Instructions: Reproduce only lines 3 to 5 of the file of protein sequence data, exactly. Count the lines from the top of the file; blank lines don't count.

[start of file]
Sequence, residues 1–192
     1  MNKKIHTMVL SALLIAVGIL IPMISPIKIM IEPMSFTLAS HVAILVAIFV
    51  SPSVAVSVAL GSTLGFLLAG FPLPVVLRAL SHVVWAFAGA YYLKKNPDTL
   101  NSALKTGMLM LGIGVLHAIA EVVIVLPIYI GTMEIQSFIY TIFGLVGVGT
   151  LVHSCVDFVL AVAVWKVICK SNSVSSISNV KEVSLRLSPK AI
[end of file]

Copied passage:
    51  SPSVAVSVAL GSTLGFLLAG FPLPVVLRAL SHVVWAFAGA YYLKKNPDTL
   101  NSALKTGMLM LGIGVLHAIA EVVIVLPIYI GTMEIQSFIY TIFGLVGVGT
   151  LVHSCVDFVL AVAVWKVICK SNSVSSISNV KEVSLRLSPK AI